There is no Continual Service Improvement (CSI) without IT Process Automation

CSIA successful business cannot thrive in today’s world unless it focuses on ongoing improvement in every area of its operation. Stagnation is, in effect, the backward motion of progress. This is where the concept of Continual Service Improvement (CSI) comes into play. As the business grows and changes, CSI is applied to produce both small and large changes across every facet, from service to operational efficiency to business continuity. Yet true CSI cannot be accomplished, at least in terms of IT, without automation.

What is Continual Service Improvement?

In simplest of terms, continual service improvement examines past successes and failures to identify areas within a business that need to be changed, adapted and improved in order to make the organization as a whole more successful. In particular, the goal of the CSI process is to continually improve the efficiency and effectiveness of IT processes and services to help you for example to get mission-critical system back online in minutes.

What Areas can CSI be Applied?

The question should actually be what areas of your business could use improvement? The answer should inevitably be every area. However, CSI is typically a concept that is specifically aimed toward improving IT efficiency. An audit should be performed to identify those areas that are most in need of change, and then individual programs and projects can be defined, developed and prioritized based on the organization’s overall strategic objectives. In other words, CSI can effectively influence every phase of the business process, but is typically implemented in IT and in order of importance.

How Does IT Process Automation Fit In?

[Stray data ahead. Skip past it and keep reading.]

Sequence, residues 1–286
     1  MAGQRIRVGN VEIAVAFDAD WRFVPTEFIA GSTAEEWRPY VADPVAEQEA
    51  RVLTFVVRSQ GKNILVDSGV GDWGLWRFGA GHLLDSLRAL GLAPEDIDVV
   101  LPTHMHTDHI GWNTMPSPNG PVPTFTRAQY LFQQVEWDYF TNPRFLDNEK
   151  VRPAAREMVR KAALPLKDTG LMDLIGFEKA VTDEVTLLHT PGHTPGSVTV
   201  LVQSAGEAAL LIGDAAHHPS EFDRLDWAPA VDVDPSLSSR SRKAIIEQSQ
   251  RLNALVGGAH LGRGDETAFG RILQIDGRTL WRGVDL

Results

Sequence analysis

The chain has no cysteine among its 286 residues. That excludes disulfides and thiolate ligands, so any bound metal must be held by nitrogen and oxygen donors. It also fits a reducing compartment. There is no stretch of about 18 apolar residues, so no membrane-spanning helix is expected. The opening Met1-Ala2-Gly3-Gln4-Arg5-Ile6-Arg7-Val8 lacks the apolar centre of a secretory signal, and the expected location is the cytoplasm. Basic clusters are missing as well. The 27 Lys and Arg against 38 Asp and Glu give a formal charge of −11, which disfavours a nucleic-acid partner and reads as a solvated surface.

The basic foundation of a successful CSI process is an audit of existing processes. IT Process Automation tool provides the capability to conduct such audits in an efficient, accurate manner to quickly identify areas in need of improvement. With automation, organizations can define processes and the critical tasks and workflows associated with them, and then determine which of these areas could use the most improvement.

As each process and workflow is identified and completed, active, real-time assessments can be conducted. These assessments can be applied to any task-based process, such as incident management, problem management or change management. They can also be applied to non-IT processes, such as project management or any custom application, essentially broadening the spectrum and extending CSI across the entire organization.

Continuous service improvement (CSI) will be a greater focus for organizations in 2013. This is partly a result of the benefits of CSI being more widely understood, but also because vendor ITSM technologies are incorporating some innovative ways of helping enable CSI within IT departments,” said Adam Holtby, ITSM research analyst, Ovum.

As we close the books on 2012 and move toward a new year, the focus on continual service improvement will only increase. This is due in part to more and more businesses beginning to understand the benefits of embracing this concept, and realizing its affects across their entire organization. It’s also due to the fact that automation is delivering innovative ways to help businesses implement the CSI process with ease and efficiency, making it easy to incorporate the concept into the everyday operations and, in essence, the very culture of the business.

In the words of George Bernard Shaw, “Progress is impossible without change.” Let automation be the catalyst to the change your business needs for future success.

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